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After coming home, while having her snack, she told me one of the kids in her class told her that the bindi makes her look like an Indian. When I told her she is in fact an Indian, she told me without any hesitation that she is not an Indian now and is “Canada” (Canadian).
“You can have more than one home. You can carry your roots with you, and decide where to grow”— Henning Mankell
My four and a half year old daughter went to her daycare the other day dressed up in a salwar-kameez, wearing her bunny hairband and a red bindi. She was very happy getting all dolled up and skipped her way to the school.
Her teachers at the daycare welcomed her with loving compliments and for once, my little one didn’t look back at the door as I left her classroom (that’s a bitter-sweet emotion, to be honest).
In the evening, I picked her up and noticed she had made great efforts to keep her bunny hairband and the bindi in place through the day. I asked her how her day was, and she said it was very good and all the teachers loved her dress.
After coming home, while having her snack, she told me one of the kids in her class told her that the bindi makes her look like an Indian.
When I told her she is in fact an Indian, she told me without any hesitation that she is not an Indian now and is “Canada” (Canadian). She then continued drawing and I kept feeding her, but my mind did go blank for a while.
As a parent, especially as a single mother without the support of any family unit, the only time I get for myself during the day is, after my daughter goes to sleep.
Once she is asleep, and before it is my bedtime, the time in-between is my space where I regain my sanity and gear up for another day. On this particular day, though I tried watching something on Netflix, my mind was some place else.
I kept thinking about what my daughter said and why it low-key bothered me. I kept thinking about what home means, what a country means and what these two things mean to me and what would they mean to my daughter.
What one calls home, what one misses, what a person is seeking, everything put together determines whether the experience of moving to a different country is going to be good or bad, pleasant or unpleasant, happy or unhappy.
The emotion and attachment I have with respect to my country, its history, its essence, is not something that can be passed on to my child.
My daughter is an individual who as and when grows up, would have her own set of experiences which would later in her life, be her set of emotions leading to nostalgia and attachment. She would understand my emotions, but not feel them.
The same way, I can understand what memories of Bengal mean to my mother, but can never actually feel them. In the same way, I can understand when my father talks about his village in Rajasthan but, I can never feel an attachment to the place.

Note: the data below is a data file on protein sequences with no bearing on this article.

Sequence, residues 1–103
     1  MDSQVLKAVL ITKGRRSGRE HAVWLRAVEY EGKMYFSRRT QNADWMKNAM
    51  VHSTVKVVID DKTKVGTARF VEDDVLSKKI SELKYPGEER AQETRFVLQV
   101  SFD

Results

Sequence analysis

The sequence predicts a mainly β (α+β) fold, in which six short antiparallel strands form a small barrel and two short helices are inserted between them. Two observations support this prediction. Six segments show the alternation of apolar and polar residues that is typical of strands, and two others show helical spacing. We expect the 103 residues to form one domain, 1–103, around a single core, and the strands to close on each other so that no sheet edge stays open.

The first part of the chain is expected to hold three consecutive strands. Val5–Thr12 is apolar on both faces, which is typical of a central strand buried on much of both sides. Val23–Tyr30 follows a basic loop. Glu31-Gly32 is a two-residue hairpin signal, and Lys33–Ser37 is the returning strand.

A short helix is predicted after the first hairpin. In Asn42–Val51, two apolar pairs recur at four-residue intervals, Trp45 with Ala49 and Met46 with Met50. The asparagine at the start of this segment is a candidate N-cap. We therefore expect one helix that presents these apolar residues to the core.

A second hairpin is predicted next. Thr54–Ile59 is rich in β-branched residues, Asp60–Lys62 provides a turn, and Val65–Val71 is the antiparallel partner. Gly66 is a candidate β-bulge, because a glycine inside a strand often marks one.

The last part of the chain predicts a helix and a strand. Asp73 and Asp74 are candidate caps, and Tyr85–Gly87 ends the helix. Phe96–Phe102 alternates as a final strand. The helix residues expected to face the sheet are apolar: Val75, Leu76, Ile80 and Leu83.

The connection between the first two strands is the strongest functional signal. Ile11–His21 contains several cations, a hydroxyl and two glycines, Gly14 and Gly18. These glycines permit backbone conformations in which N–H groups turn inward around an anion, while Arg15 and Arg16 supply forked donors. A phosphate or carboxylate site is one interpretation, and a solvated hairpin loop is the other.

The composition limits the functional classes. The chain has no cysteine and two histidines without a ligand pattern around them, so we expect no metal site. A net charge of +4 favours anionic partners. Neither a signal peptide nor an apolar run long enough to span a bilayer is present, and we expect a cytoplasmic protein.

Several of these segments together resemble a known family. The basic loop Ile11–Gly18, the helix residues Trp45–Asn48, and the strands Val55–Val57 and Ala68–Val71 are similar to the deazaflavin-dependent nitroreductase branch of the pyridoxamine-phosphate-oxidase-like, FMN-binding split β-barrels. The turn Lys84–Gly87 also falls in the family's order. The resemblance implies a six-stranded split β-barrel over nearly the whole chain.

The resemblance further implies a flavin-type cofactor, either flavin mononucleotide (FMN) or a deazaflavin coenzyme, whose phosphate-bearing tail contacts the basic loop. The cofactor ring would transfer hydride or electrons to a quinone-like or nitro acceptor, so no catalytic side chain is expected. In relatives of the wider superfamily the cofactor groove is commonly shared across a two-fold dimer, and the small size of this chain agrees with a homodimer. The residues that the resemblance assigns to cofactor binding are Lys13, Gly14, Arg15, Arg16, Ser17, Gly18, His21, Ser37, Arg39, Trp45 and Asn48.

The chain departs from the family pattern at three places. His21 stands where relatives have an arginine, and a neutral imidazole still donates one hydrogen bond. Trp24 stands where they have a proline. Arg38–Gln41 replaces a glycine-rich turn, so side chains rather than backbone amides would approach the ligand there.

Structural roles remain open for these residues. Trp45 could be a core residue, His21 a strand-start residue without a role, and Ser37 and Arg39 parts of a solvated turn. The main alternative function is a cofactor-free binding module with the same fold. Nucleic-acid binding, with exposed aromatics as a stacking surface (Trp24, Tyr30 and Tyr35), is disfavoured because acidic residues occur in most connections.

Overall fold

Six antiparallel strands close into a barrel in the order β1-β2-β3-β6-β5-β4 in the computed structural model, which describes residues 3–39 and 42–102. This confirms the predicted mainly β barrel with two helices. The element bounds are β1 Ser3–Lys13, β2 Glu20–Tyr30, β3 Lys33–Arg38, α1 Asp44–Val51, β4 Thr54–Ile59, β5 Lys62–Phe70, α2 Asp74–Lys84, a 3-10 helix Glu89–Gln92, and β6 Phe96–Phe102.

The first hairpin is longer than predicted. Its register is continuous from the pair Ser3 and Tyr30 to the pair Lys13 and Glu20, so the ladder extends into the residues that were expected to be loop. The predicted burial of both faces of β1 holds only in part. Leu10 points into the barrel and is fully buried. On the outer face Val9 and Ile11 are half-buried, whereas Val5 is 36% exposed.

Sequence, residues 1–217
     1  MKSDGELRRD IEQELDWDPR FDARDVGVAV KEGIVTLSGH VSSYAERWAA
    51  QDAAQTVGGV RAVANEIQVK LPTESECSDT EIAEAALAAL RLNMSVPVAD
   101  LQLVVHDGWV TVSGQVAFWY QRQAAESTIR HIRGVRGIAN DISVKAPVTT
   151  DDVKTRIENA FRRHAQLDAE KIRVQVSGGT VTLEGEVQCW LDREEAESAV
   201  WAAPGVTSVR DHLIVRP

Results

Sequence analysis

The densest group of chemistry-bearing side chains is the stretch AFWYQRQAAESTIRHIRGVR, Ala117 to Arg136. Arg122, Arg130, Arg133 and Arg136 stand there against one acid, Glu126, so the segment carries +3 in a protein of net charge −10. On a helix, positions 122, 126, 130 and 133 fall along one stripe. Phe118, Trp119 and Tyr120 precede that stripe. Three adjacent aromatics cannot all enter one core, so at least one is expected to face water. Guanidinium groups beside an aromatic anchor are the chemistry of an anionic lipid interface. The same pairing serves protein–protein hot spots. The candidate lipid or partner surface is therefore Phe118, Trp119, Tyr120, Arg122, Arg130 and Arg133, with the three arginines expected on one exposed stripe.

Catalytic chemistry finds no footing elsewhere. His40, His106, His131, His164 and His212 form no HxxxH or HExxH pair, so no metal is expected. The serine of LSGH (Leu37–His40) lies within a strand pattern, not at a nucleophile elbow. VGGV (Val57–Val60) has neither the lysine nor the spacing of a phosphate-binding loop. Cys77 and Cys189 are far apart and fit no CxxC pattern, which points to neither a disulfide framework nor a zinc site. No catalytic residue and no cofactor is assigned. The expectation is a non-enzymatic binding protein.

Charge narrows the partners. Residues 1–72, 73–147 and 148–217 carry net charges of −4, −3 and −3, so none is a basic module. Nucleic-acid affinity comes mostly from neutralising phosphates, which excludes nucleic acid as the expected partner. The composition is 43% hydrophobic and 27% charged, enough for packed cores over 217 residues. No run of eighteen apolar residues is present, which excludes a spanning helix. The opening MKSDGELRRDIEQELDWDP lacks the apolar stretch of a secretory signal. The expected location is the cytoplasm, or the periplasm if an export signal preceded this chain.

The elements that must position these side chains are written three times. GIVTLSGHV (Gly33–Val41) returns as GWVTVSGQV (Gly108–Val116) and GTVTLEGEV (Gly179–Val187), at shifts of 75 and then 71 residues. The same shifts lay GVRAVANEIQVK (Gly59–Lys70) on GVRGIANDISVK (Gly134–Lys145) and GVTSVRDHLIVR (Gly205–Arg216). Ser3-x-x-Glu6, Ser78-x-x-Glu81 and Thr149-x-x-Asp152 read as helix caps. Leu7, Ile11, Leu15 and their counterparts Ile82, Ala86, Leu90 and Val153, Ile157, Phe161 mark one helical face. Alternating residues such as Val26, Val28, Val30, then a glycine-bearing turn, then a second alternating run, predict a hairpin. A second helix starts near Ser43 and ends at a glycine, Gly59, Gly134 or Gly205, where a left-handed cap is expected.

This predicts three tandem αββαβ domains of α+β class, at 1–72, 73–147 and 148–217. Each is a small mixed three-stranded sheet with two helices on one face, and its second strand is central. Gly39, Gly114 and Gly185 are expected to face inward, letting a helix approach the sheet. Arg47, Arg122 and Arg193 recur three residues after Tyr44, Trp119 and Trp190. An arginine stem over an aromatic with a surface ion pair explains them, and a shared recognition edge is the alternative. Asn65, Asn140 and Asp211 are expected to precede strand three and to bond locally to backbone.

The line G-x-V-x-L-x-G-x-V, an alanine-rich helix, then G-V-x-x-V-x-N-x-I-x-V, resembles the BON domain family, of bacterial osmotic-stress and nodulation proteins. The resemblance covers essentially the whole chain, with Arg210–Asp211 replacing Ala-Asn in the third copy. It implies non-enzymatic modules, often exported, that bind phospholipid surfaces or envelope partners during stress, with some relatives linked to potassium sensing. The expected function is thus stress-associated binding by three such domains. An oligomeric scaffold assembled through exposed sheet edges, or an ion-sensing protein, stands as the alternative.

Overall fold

As a kid, I heard the Indian national anthem at least thrice a week, and it never felt anything more than a very important song which commanded respect. I understand, I acknowledge but, I can never experience the emotion.
Later, somewhere during my graduation, when I got interested in Indian history, Indian philosophy, started understanding the Indian freedom movement, the perspectives that shaped the Indian constitution, for the first time, I felt goosebumps when I heard the Indian national anthem.
Since then, I have never been able to listen to it without getting goosebumps all over my body. I found my connect to the country I was born in through concepts, ideas and beliefs.
How my daughter finds that connect, if she finds one at all, would be her own journey.
In my case, being born in a very liberal household where questioning religion, cultural practices, rituals, traditions and societal norms was encouraged, my roots in India are purely based on the idea of India and the emotions I nurture have come naturally to me.
My daughter’s case would be different. She would not have the advantage of understanding India by living there. I would love it if she later in life makes an effort to understand the land she was born in, and that’s something I can only encourage, but can never ensure.
As a parent, all I can do is, give her a canvass full of ideas so that she can paint her own picture on it. The ideas and concepts and values that I present her with, are limited to my own understanding of this world.
Nothing would bring more joy to me than to see my girl using her canvas, forming her own unique perspectives wider and stronger than mine, mixing colours of two different countries and coming up with something new.
My daughter might experience a deeper connect to the country she is growing up in as compared to the one she was born in, feel more Canadian than Indian, and that’s something my desi self should ultimately understand because her own life experiences would shape her.
Till then, I will tell her stories, experiences, concepts, ideas, because some day, when she talks to her child about the land she was born in, my stories might help her find that connect.
Probably like me, she would understand my emotions and perspectives, realize their importance in her family’s life, but would never be able to experience them.
For now, I am happy answering her questions, celebrating with her festivals of two countries, introducing her to two cultures and honestly expressing my opinions because these little things might later become her nostalgia.
Maybe some part of her would carry her roots, and maybe she would have more than one home. You never know! Let’s see?
Image Source: Halfpoint, free on CanvaPro
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